Kenya's move refugee camp would displace more than 600,000 people
Government officials are not clear where they expect the refugees to go
Kenya will close all refugee camps, a move that would displace more than 600,000 people living there, the government announced Friday.
The decision includes Dadaab, the largest such camp in the world. It’s home to more than 300,000 people on the Kenya-Somalia border.
The government is shutting down the camps because of “very heavy” economic, security and environmental burdens, senior Interior Ministry official Karanja Kibicho said in a statement.
“Kenya, having taken into consideration its national security interests, has decided that hosting of refugees has come to an end,” Kibicho said, pointing to threats, such as the terror group Al-Shabaab.
Kenya announced the closure of refugee camps last year for the same reasons but backed down in the face of international pressure.
At the time, government officials were not clear where they expected the refugees to go, other than somewhere into Somalia and out of Kenya. Kibicho’s statement didn’t address the question of where the refugees would go.
While it is not immediately clear if or when a closure might happen, the Interior Ministry said it has already disbanded the Department of Refugee Affairs as a first step.
Most of the residents in Dadaab come from Somalia, which has been torn by civil war. The Kakuma camp used to be home for South Sudanese refugees, but in recent years houses Congolese, Rwandans and Burundians.
‘I don’t think I can go back to Somalia’
Several refugees interviewed by CNN said they didn’t want to return to their homeland.
A 20-year-old Somali refugee said living in Dadaab is hard, but leaving will also be difficult
“Dadaab is like being in a cage and now when they ask us to go home … first of all, which home is that?” he said.
“My parents have been in Kenya for 25 years, I was born in this camp and now I want to join university, which I can’t because they have given me an alien card but then they actually closed down the department of refugees.
“My card might not be valid in Nairobi anymore. My movement will be restricted. I don’t know what to do but I will see how to go about it.”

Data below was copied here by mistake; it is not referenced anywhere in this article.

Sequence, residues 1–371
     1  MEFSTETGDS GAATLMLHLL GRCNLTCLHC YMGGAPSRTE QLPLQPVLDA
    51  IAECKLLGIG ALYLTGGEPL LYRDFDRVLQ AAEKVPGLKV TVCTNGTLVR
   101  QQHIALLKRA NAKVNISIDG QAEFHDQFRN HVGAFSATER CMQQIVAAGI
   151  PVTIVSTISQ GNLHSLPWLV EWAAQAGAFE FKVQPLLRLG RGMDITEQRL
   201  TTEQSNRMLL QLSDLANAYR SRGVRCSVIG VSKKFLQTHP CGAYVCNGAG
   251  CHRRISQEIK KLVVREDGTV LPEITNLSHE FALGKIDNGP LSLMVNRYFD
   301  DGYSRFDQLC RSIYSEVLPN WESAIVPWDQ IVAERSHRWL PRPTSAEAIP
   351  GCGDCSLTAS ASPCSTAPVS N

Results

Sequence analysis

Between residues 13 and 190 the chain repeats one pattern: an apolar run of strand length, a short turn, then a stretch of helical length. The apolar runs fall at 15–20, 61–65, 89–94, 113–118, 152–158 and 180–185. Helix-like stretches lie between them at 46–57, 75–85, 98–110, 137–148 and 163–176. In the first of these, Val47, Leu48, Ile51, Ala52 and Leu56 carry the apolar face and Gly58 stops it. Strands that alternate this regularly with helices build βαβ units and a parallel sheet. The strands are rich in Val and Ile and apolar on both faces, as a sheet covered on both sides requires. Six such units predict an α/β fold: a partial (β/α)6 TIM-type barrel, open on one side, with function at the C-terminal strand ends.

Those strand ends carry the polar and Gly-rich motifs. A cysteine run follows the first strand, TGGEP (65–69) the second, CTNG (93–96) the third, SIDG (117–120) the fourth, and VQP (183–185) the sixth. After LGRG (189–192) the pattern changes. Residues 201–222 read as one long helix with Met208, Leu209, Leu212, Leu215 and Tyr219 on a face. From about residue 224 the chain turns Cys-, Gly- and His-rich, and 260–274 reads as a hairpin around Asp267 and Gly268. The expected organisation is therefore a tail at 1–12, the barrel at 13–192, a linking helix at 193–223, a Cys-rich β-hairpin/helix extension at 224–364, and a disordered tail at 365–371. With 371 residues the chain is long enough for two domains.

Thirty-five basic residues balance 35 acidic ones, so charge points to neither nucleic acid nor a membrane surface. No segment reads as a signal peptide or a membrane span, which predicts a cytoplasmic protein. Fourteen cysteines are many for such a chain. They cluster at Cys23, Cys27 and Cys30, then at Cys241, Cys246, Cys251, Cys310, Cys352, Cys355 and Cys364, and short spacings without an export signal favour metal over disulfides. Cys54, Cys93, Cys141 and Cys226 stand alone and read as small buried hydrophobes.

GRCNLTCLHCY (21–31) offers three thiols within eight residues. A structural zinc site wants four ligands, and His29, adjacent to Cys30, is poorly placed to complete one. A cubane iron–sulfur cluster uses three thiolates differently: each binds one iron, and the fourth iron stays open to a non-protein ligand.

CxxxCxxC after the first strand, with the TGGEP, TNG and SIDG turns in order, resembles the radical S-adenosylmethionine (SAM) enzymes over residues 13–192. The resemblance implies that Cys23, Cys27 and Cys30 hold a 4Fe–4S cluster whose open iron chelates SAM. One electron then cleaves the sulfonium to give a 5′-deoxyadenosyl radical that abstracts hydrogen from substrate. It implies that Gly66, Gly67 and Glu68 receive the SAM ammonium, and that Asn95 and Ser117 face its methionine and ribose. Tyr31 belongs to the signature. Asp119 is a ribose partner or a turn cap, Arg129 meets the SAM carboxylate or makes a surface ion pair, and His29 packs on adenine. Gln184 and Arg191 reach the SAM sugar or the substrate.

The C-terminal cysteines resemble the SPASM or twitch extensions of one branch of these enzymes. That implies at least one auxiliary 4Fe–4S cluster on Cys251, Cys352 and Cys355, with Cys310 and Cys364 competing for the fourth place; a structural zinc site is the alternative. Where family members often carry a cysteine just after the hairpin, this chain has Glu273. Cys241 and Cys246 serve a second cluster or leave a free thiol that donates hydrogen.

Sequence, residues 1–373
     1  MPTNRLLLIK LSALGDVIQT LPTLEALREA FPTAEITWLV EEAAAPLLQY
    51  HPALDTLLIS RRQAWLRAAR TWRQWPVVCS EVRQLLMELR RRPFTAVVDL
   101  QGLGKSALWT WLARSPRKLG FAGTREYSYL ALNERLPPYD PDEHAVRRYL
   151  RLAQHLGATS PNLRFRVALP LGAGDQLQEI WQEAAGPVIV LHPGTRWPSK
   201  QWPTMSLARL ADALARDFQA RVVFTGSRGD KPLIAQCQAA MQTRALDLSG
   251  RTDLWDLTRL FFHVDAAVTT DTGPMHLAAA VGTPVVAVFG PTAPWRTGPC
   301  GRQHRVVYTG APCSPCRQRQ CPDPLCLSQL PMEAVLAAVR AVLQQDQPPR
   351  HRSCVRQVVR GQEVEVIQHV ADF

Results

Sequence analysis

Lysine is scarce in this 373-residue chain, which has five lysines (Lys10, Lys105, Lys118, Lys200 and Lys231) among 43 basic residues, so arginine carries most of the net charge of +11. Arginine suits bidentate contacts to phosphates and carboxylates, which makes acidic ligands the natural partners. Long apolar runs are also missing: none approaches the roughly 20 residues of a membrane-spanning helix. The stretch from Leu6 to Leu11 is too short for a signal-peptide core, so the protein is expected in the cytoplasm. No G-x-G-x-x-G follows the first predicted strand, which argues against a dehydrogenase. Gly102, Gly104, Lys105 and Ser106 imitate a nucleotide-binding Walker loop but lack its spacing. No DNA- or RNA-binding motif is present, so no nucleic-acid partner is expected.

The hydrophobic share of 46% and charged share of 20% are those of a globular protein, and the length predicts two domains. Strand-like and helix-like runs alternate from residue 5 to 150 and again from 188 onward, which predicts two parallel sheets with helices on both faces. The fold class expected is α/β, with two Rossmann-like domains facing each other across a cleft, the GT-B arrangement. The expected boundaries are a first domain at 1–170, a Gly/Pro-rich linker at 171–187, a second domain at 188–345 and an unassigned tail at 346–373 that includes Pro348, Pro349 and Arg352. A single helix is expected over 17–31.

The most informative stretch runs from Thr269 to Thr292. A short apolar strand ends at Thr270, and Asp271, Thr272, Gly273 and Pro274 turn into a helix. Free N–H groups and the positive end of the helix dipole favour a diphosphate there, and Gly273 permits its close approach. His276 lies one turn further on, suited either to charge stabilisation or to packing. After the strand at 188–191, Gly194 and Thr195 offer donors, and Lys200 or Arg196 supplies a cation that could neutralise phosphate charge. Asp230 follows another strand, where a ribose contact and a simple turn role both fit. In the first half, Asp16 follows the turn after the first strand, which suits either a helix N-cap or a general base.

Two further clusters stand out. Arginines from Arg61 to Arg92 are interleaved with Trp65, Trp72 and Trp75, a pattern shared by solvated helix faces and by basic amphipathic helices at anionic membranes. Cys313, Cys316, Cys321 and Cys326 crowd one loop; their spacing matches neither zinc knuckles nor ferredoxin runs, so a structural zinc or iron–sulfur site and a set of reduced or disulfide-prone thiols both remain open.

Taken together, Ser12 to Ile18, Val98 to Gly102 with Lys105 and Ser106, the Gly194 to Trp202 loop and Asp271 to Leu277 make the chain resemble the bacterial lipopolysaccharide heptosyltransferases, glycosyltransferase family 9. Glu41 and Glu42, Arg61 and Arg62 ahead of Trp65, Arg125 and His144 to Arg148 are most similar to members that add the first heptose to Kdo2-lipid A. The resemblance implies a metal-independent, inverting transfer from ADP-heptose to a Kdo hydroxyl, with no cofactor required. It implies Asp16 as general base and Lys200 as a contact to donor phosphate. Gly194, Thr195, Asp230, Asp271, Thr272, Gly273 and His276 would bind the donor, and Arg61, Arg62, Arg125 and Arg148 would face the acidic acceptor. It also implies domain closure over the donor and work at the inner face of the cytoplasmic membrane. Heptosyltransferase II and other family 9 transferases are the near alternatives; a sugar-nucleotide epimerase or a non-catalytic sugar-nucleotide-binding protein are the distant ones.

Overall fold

He said his parents lost all their land and property during the war. Sending people back with $100 or $1,000 as an incentive to start life over again won’t work.
“I agree no one has to live in a refugee camp all their life,” he said. “It’s not correct morally, but then if you’ve left your home 25 years ago, going back is like going back to a new place.”
Shidad Abdinoor, 43, a Somali refugee and father of five at the Kakuma camp, said he may go to another East African nation.
“I don’t think I can go back to Somalia,” he said. “I hear there is a government, but a government that is bombed and attacked every now and then.”
Life in the camp is hard, he said, “but sometimes it would be better to go home than get killed in the camp, a foreign land.”
Miyat Chang, a refugee for 18 years, says Kakuma is his home. He also will ask to be sent to another African nation.
“We all came here because home was dangerous for our life,” he said. “I cannot go back to South Sudan, even if they force me.”
He’d like to become a citizen of Kenya.
“I think If someone stays in a country for long, they can be a citizen,” he said.
Amnesty International criticizes decision
The government called on the international community to “collectively take responsibility” for the humanitarian needs of the hundreds of thousands who may be affected by this.
Amnesty International blasted what it called a “reckless decision” by Kenya.
Kenya’s decision is “an abdication of its duty to protect the vulnerable and will put thousands of lives at risk,” said Muthoni Wanyeki, Amnesty’s regional director for East Africa, the Horn and the Great Lakes.
He said Kenya would be violating its obligations under international law.
CNN’s Robyn Kriel and Brianna Duggan and correspondent Idris Muktar reported from Narobi, Kenya.